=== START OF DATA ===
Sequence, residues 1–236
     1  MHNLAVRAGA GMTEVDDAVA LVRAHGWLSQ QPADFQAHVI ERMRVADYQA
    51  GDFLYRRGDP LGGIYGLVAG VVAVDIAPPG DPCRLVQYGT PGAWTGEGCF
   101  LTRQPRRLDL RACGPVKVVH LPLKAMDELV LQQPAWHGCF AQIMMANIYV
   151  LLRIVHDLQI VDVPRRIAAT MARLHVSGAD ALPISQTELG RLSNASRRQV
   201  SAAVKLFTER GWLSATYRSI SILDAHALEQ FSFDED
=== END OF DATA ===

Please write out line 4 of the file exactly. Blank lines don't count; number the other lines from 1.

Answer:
   101  LTRQPRRLDL RACGPVKVVH LPLKAMDELV LQQPAWHGCF AQIMMANIYV